longer adversely affect their daily lives and the lives of their families.”
For an appointment with The Center for Sleep Disorders at Saint Barnabas,
please call (973) 322-9800.
When Bedtime is a Hazard: Snoring May Signal a Health Risk
After 20 years of practice, sleep specialist John Penek, M.D., FCCP, can
tell immediately when he walks into the examination room if the patient
has come to discuss a snoring problem. That is because the majority of
times the snorer is accompanied by a spouse.
“Most of the time they are brought in by a wife who can’t take
it anymore,” says Dr Penek. “The snorer is defensive and says
things like, ‘If my wife would stop elbowing me in the side all
night, then I’d have a good night’s sleep.’ They have
no idea of the extent of the problem or the larger health implications.”
Snoring A to Z
Snoring occurs when the airway channel relaxes during sleep and becomes
a conduit for air-induced vibration. When there is an obstruction in the
airway, structures in the throat vibrate together, producing sound. The
spectrum of snoring ranges from an undetectable sound to levels as high
as 90 to 120 decibels. The highest range is not far from the noise emitted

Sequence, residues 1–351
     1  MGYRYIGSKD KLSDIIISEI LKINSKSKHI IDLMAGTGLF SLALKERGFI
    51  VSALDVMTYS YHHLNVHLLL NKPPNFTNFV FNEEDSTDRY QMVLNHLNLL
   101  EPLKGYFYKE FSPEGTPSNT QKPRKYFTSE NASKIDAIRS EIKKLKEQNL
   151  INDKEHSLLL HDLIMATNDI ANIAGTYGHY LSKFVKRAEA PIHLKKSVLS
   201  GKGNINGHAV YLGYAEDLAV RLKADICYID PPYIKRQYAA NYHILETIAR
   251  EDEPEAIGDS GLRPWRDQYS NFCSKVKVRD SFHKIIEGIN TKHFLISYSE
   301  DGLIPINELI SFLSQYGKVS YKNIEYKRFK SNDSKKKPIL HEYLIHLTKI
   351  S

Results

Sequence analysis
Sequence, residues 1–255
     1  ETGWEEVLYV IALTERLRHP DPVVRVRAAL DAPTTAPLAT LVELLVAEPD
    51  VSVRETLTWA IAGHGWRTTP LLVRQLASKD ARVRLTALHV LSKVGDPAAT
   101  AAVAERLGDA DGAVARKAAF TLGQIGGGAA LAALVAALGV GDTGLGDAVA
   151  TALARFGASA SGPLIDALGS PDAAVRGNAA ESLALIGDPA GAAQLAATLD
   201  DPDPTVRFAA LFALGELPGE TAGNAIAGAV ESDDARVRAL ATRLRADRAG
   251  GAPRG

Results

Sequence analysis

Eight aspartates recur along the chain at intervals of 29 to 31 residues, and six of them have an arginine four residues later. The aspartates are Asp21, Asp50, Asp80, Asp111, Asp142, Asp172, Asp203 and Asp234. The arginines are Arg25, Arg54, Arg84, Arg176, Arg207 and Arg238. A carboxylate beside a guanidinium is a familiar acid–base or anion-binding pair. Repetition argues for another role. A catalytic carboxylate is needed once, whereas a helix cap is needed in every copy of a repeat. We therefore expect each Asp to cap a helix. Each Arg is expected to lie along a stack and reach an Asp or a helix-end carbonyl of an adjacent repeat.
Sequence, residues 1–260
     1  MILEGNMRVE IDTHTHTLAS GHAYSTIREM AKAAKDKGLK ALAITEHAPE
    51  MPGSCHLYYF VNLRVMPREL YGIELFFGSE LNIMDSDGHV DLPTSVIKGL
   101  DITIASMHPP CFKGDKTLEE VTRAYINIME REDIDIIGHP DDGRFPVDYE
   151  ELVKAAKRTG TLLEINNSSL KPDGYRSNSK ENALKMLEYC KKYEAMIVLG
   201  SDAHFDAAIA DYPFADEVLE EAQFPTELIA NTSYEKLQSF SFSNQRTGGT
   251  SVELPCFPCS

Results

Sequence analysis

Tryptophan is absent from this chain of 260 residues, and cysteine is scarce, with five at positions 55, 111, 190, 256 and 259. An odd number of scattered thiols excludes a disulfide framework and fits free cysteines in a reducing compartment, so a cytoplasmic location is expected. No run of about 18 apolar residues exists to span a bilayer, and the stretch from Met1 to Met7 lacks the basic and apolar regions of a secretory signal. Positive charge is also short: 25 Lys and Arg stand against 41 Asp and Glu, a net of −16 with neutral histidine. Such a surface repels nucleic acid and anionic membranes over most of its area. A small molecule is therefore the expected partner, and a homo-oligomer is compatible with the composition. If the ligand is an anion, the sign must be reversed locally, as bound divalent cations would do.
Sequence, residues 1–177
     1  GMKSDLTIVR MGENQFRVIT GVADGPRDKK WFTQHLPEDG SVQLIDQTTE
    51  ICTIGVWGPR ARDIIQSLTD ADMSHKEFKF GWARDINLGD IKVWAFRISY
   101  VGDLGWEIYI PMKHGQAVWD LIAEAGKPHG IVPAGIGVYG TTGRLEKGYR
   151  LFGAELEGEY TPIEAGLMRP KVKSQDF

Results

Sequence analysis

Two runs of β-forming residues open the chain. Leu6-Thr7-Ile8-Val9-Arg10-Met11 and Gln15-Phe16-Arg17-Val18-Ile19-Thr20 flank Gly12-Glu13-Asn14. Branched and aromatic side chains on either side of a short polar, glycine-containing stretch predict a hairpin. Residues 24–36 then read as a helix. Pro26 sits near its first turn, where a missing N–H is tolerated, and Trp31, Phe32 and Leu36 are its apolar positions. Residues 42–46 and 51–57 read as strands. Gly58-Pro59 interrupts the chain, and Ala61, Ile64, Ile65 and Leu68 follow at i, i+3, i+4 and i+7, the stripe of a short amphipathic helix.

by a jet aircraft at takeoff, which has been measured at 140 decibels.
Although snorers tend not to awaken themselves, they may greatly disrupt
the sleep of a bedpartner. In addition, the sound may be damaging. A study
in the Journal of Otolaryngology found that bed partners of those who
snore showed significant noise-induced hearing loss in the ear most exposed
to the snoring.
Larger Health Issues
According to Dr. Penek, there is strong evidence that snoring can be dangerous
to your health.
“Snoring, especially heavy snoring that disturbs bedparter sleep,
is often associated with a condition known as sleep apnea, which may indicate
an increased risk of hypertenstion, cardiac arrythmias and sudden death
during sleep,” he relates.
As many as 30 percent of men and women in midlife with high blood pressure
also have problems with snoring and sleep apnea, which are curable causes
of elevated blood pressure.
Individuals with snoring and sleep apnea conditions are also at a significantly
higher risk for automobile and industrial accidents. According to a study
in the Medical Post, snorers are six times as likely as non-snorers to
have accidents while driving.
Some snorers suffer from a condition known as sleep apnea. Sleep apnea
results in a complete or near complete obstruction to airflow for 10 seconds
or more. A person with a typical case of sleep apnea will have apneas
of 10 to 60 seconds or longer, and will have 5 or more per hour during
sleep. Sleep apnea can occur from obstructed airflow, or from a problem
with the central nervous system.